The past decade has ushered in the concept of partnership versus outsourcing. It’s no longer in fashion to simply be a vendor of services…an outsourcer. Today, we must all be partners, or at least that’s what all the rage is about. Of course, you get so much more value when working with a partner. Don’t you? Hmmm.
How do you distinguish between a vendor and a partner? How can you tell exactly what you have? Is your office cleaner a partner? How about your accountant? When you have your payroll processed, is the payroll specialist providing partner services? When you buy a new sofa, is that salesperson a partner?
Chances are that many, if not most, of your business dealings are actually nothing more than vendor-based relationships. And guess what? That’s okay. Every function and every vendor doesn’t need partner status. Sometimes a simple transaction is all that’s required for efficiency.
Avoid wasted calories by trying to make more of something than what it is. The key is to know which functions within your business would benefit if you had a real partner working with you.
My measure of a partner goes well beyond the work delivered for the dollars I’ve paid. If I get what I’ve paid for, it’s likely a vendor relationship. If I get more than what I’ve paid for, you just might be teetering on partner status. Further, if the vendor I’ve hired pushes my thinking and helps me to innovate, they achieve the coveted status of partner.
An example of a great partner relationship is with our digital marketing agency – Square2. I began my journey with Square 2 back in 2012 and have worked on and off with them across different companies and industries. The co-founders of Square 2, Mike Lieberman and Eric Keiles, are masters of innovative thinking. Sure, I hired Square 2 to outsource my digital marketing needs, but the value we’ve received from working together goes beyond the increase in MQL activity and SQL conversion.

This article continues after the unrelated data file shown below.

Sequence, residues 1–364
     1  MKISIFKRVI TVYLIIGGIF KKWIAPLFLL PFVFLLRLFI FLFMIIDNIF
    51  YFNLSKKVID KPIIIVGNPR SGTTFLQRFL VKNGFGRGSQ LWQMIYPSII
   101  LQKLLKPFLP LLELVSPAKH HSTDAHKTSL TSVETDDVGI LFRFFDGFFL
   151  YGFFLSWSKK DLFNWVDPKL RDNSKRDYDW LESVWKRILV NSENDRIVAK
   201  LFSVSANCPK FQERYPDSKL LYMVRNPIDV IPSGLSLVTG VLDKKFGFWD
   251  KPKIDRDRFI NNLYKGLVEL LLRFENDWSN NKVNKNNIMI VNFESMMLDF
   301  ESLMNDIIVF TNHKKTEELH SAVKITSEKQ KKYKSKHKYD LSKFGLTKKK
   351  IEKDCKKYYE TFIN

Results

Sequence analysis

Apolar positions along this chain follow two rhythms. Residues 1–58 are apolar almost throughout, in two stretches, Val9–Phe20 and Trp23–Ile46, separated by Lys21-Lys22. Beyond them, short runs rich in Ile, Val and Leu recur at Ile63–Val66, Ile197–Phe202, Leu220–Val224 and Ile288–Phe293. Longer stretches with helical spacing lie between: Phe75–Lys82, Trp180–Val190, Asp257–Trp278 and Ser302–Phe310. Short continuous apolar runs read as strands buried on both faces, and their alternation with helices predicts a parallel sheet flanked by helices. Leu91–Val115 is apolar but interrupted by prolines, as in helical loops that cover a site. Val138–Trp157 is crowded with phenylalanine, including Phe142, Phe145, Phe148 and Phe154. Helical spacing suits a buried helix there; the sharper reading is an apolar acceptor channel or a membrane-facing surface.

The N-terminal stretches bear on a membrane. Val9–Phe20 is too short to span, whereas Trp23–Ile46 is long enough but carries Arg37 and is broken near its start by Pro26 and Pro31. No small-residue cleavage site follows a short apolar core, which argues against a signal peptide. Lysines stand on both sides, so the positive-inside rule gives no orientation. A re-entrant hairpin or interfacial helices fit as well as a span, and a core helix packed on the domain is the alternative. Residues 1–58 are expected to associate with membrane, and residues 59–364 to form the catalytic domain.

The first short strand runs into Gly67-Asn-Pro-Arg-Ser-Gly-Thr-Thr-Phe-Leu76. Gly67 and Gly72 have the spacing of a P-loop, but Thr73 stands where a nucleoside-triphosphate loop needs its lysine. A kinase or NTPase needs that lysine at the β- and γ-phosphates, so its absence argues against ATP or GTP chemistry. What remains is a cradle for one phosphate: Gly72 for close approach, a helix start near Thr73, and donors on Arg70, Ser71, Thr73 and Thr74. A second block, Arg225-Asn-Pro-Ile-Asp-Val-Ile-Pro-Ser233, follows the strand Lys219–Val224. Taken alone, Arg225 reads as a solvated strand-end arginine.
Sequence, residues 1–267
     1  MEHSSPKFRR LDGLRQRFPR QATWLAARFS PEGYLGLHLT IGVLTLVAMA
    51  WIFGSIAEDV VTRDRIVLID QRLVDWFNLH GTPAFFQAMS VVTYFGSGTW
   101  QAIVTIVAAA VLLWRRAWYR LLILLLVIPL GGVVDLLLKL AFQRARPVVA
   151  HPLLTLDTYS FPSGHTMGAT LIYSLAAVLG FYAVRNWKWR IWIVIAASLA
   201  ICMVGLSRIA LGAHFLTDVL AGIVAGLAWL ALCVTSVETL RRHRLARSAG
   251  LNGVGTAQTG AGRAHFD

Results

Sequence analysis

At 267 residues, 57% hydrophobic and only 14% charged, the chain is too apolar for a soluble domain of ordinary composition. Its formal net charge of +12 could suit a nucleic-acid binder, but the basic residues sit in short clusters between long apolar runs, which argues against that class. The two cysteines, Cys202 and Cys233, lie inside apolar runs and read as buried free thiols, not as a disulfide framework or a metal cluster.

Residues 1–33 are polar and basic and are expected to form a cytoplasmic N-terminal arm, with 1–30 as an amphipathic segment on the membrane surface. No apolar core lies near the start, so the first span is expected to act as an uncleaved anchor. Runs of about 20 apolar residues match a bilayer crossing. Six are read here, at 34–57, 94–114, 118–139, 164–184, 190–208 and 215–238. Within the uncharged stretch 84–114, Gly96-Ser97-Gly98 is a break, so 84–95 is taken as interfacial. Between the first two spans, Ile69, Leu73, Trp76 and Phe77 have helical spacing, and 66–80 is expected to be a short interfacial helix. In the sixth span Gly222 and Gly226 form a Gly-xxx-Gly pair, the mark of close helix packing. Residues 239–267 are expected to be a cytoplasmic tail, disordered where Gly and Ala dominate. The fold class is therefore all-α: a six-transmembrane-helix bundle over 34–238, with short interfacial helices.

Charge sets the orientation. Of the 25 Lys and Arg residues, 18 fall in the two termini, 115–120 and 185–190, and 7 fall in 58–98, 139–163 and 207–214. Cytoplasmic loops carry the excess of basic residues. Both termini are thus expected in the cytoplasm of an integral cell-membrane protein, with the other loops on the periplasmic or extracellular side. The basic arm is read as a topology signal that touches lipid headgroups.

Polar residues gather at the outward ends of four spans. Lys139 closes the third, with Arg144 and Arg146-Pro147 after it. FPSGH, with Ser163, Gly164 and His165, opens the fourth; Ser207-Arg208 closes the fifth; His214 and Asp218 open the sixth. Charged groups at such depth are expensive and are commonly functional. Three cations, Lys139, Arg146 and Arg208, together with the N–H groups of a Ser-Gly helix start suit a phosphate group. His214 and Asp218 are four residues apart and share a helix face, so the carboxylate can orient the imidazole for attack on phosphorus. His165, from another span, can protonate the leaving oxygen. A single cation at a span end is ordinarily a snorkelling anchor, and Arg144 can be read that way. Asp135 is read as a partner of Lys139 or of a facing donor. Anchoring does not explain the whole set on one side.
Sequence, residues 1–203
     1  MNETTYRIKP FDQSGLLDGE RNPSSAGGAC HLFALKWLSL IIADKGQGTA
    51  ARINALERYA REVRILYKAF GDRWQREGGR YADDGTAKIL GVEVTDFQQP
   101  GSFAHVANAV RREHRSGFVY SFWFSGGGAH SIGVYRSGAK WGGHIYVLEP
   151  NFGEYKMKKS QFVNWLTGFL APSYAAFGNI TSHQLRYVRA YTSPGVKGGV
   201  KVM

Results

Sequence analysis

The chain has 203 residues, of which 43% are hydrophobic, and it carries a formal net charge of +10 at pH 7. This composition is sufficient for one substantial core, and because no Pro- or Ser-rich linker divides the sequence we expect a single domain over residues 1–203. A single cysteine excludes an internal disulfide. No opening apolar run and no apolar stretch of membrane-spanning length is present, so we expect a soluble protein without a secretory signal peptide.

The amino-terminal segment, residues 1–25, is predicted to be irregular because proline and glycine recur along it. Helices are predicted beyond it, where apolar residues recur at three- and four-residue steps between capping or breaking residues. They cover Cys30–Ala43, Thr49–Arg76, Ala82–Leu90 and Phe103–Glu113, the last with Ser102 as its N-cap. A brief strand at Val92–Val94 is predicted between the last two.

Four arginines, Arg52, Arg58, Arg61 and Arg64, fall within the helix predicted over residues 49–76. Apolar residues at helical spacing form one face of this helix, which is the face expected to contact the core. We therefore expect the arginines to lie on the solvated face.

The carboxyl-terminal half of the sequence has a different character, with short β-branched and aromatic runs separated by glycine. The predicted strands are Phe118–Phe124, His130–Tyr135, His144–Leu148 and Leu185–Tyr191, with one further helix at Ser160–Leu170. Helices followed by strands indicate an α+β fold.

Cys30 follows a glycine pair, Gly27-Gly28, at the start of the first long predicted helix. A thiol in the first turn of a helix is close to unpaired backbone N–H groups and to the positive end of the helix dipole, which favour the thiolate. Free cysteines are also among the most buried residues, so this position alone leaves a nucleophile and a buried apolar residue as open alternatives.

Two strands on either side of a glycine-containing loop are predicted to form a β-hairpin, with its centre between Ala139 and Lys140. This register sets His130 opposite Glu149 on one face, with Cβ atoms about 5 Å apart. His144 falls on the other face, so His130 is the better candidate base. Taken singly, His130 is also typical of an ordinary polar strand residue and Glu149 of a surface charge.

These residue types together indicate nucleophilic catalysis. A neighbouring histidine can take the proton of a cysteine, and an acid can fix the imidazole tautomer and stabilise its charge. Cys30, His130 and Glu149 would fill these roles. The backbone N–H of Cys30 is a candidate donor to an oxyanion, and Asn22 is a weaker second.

With my crazy coast-to-coast travel schedule, I was struggling to find the time to add yet another meeting to my calendar for progress updates. Many times just minutes before meetings I end up having to reschedule due to a client or associate need, and here is where the partner status comes in.
Rather than trying to stick to a traditional meeting cadence for progress updates, Mike Lieberman, taking into consideration his buyer’s needs (mine), suggested that the Square 2 team provide me with progress updates via a short video that I could watch during flights or Uber rides to absorb and contemplate questions or reactions. This slight adjustment in working together has made a big difference, as it has improved my ability to keep informed while being able to make changes or provide input in near-real time.
This is a perfect example of meeting your buyer where and how they want to be met, rather than continuing with a “this is how we do things” approach.
Here’s where the value of a true partnership really begins to accelerate results.
Serving more than 1,200 communities nationwide, with each community having between two and seven personas we interact with on a regular basis, I have adopted and implemented this tactic within my own team. While it certainly isn’t a silver bullet, it does offer clients another avenue for updates. No different than payroll providers offering businesses the ability to phone in, fax in, email, and now launch an app on a smart device to produce payroll, video updates are just another option on the menu to allow clients to choose how they interact with their provider, or better yet, partner.
What’s the last thing you learned from a vendor that went beyond the scope of work you hired them to perform? How often are your vendors collaborating with you to find new or different approaches that help you personally save time, increase your personal efficiency, or resolve a pain point?
Partners go beyond the scope. They focus on the individual they are providing the services to on behalf of the company they are contracted with. Think about that. How concerned is your vendor about your time, your effectiveness, and your ability to improve the running of the business, versus just providing the service they said they would?